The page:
Spoilers for Mary E. Pearson’s Dance of Thieves follow. Read at your own risk!
Dance of Thieves tells the story of Kazi and Jase–one a former thief now working as the queen’s soldier and the other part of a family who recognizes no laws but their own. They begin badly, with Kazi threatening to cut Jase’s throat, but soon move past that moment as being kidnapped by labor hunters forces them to work together. Their romance is quick and sure–being chained together creates intimacy that otherwise might have needed time to grow. However, Kazi is searching for a criminal that she believes Jase’s family is harboring. And her secrets, combined with Jase’s commitment to his family, threaten to tear the two apart at various moments of the story.
Both Kazi and Jase are meant, I assume, to be morally dubious characters. Kazi may have given up her life of crime on the streets, but she still, as Jase points out, is willing to enter his home under false pretenses and betray his family. Jase, meanwhile, has to make the hard choices to keep his family’s dynasty running. He, along with the rest of his kin, accept the necessity–and profitability–of housing blackmarket dealers, physically threatening the opposition, taking half the king’s taxes to care for the city, and chopping off body parts when they need to punish someone or get information. The title of the book is Dance of Thieves, after all. We are meant to understand that both the protagonists take things that do not belong to them.
Dance of Thieves, however, never really wants to take a hard look at the choices its characters make. Kazi explains away the majority of her decisions with the excuse that she made a vow to her queen. She will lie, cheat, steal, and betray anyone she needs to with full assurance that such a vow puts her in the right–the ends justify the means. Any of her actions that fall outside the necessity of performing her job are easily explained away by her sense that the other person “deserves” it. If someone overcharges for goods, she steals from them. If someone committed cruelties, she commits cruelties against them. In effect, she becomes disturbingly like the people she claims to judge. But the story refuses to acknowledge or engage with this.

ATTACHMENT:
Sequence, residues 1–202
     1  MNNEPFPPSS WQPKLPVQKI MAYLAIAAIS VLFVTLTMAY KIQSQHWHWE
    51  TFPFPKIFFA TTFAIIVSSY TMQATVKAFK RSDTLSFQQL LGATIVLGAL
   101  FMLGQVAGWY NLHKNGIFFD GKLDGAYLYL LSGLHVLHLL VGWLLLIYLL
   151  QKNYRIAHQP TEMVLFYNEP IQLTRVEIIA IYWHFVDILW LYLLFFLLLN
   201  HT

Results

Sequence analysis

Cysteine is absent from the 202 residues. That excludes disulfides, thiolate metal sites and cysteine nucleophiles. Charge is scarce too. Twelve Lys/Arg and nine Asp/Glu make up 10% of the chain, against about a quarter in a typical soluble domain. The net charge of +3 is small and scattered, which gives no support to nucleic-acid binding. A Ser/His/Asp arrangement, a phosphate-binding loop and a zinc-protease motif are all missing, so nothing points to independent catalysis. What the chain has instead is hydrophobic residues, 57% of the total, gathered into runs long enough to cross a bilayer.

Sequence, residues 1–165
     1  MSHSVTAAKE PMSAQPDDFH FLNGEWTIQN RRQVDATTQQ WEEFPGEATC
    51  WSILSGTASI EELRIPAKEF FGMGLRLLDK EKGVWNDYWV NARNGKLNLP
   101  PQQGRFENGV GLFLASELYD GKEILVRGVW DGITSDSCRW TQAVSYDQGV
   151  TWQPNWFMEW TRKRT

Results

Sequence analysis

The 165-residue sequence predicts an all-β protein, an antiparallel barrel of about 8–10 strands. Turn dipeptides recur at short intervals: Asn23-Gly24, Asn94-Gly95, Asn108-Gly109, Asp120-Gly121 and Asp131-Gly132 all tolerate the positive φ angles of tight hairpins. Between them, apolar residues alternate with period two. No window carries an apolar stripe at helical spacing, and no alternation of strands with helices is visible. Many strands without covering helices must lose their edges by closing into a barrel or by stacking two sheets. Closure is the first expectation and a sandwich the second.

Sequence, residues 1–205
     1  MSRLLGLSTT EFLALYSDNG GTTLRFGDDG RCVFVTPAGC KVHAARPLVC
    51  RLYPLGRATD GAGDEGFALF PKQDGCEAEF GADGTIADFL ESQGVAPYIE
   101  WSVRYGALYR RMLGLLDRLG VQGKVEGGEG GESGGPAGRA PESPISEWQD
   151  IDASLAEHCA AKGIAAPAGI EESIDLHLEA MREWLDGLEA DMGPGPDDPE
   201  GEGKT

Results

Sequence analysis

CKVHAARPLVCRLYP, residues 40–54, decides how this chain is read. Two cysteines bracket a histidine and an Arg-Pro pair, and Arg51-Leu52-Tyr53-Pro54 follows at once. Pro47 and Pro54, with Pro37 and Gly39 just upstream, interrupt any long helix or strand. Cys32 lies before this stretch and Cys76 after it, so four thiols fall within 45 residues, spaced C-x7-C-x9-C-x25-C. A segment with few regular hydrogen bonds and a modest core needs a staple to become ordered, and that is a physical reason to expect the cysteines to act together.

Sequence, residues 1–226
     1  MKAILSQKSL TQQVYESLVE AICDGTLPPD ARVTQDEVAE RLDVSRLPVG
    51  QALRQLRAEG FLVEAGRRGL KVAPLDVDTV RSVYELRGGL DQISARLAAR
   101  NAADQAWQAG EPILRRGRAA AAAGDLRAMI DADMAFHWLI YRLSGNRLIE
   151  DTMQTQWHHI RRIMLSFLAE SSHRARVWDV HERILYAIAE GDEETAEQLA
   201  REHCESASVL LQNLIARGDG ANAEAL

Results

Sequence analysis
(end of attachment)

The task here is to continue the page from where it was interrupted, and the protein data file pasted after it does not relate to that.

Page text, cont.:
Jase’s actions are similarly explained away by duty and “justice.” He can punch as many people as he wants as long as it is in service to the family or in retaliation for violence they committed. He will even harbor wanted criminals if it will make his family a profit. The story tries desperately to balance his cruelties with his kindnesses–the times he thinks of Kazi’s happiness, the way he suddenly reverses his feelings on refugees and begins sending them supplies instead of trying to remove them from his land. His morals are incredibly murky, seemingly motivated largely by his personal feelings (especially for Kazi). But, again, the book never really engages with Jase’s grey areas. Instead, at the end, he is rewarded with everything he wants simply because he showed basic humanity one time in helping the refugees. He is held up as a hero.